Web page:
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Author Topic: San Jose area  (Read 1954 times)

Offline billthecat

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San Jose area
« on: July 13, 2011, 09:55:29 PM »
Well, here goes. I'm in the San Jose area. Would be interested in meeting up. Target practice. In the area, or out in public land (about 2.5 hours away). Or do whatever. Send me a private message.

PS. I had a difficult time registering, so if you tried and couldn't do it, try again!
« Last Edit: July 13, 2011, 09:58:04 PM by billthecat »

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San Jose area
« on: July 13, 2011, 09:55:29 PM »

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Offline Uncle Buck

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Re: San Jose area
« Reply #1 on: July 14, 2011, 11:47:55 AM »
Welcome to Gunlink Billthecat.

What types of shooting do you like to do?  Pistol/rifle/shotgun/Yes!  all of the above.  :D

I hear so much about how restrictive gun laws are in California.  How much of a problem is it for you to not only shoot, but to get supplies and different guns?

Offline billthecat

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Re: San Jose area
« Reply #2 on: July 15, 2011, 02:10:21 AM »
Welcome to Gunlink Billthecat.

What types of shooting do you like to do?  Pistol/rifle/shotgun/Yes!  all of the above.  :D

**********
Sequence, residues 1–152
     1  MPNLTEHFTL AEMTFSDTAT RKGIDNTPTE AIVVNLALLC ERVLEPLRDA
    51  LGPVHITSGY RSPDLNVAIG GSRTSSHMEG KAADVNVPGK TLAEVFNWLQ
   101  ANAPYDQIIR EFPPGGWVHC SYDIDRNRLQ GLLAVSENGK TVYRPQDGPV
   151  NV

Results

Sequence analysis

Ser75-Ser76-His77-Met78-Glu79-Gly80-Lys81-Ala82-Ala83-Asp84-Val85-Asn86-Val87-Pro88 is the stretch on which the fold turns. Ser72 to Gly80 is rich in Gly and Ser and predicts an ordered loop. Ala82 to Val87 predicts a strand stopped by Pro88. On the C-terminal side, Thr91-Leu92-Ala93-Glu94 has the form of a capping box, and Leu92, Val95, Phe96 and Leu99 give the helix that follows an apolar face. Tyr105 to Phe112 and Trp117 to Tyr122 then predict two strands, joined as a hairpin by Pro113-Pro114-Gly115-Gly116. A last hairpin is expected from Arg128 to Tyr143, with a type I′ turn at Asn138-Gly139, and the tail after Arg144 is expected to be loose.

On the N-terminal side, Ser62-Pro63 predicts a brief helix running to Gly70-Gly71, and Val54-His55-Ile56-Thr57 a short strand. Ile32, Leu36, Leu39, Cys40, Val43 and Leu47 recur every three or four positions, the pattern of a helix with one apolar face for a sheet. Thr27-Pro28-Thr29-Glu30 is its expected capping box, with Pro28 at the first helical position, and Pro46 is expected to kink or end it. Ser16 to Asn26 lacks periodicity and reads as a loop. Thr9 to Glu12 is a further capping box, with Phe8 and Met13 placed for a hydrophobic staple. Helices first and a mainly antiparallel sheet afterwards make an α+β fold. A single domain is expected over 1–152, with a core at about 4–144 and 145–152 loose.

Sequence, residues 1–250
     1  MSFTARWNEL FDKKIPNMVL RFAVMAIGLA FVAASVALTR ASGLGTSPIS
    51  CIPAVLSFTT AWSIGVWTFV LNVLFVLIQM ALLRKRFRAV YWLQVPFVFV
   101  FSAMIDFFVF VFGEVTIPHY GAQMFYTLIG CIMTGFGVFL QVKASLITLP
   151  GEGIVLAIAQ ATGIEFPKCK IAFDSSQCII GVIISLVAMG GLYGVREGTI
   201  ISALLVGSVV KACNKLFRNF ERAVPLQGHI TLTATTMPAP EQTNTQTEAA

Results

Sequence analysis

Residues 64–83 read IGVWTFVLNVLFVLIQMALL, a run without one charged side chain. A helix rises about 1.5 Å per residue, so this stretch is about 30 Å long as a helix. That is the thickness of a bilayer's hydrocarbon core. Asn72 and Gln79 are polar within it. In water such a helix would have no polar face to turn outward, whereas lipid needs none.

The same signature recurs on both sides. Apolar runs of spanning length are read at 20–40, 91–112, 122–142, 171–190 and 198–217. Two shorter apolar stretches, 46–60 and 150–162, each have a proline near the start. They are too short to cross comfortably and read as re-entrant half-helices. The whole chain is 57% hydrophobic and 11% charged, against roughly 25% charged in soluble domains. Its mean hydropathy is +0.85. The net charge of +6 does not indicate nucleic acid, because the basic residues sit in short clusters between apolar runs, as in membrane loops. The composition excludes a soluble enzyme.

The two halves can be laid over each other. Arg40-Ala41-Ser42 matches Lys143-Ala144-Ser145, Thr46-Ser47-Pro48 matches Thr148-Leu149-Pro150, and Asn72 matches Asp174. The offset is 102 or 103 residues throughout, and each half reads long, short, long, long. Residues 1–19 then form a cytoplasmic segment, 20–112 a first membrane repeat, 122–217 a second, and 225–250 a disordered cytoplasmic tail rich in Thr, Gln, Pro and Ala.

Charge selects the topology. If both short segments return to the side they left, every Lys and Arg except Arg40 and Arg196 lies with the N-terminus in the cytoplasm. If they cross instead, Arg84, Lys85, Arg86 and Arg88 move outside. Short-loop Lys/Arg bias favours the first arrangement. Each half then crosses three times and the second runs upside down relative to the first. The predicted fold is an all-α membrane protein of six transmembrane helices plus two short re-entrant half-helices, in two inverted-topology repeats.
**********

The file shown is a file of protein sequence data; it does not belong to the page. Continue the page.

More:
I hear so much about how restrictive gun laws are in California.  How much of a problem is it for you to not only shoot, but to get supplies and different guns?

All, but I think my preference is for pistols. A 12 gauge shotgun kicks like a mule; M4 is nice, but being limited to 10 rounds, it's kind of pointless for my POU (purpose of use).

Yes, things are VERY restrictive in Kalifornia. Maximum 10 rounds only (I feel safer already!). Impossible to get a CCW. New pistols must pass a "safety" test, and be on the DOJ's approved list, with expiring certifications, so many manufacturers don't bother. A lot of pistols simply aren't available (new). I like 9mm but I may step it up to 45.

There are so many stupid restrictions that focus a lot on how a gun looks. A rifle can't have too many things, like a pistol grip, flash suppressor, removable magazine, folding stock, etc. So you see rifles without a pistol grip but a removable magazine (typically AKs), or with a pistol grip but requiring a tool to remove a magazine (bullet button).

New this year, handgun ammo is restricted. I forget the details but I think that if you buy more than 50 rounds at a time, you have to be fingerprinted and records are kept.

I just don't get what folks are thinking. Laws don't prevent crime. If they did, prisons would be empty.

There are stores and ranges here and there, but nothing like I suspect it is elsewhere. I spoke to a ranger about shooting on public land, and he was very friendly, informative and helpful, which was unexpected. But it's like 2.5 hours away. Basically, I have an indoor range within about 10 miles, kind of pricey, an outdoor range a little further, pretty good deal ($12/day, multiple ranges), and the public land really far (haven't tried that yet, but got a couple of PVC stands made).

Offline Uncle Buck

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Re: San Jose area
« Reply #3 on: July 15, 2011, 08:30:44 AM »
Geez, I feel for you.

My range is my back yard. Coffee or iced tea served on the deck when we are shooting.

Offline billthecat

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Re: San Jose area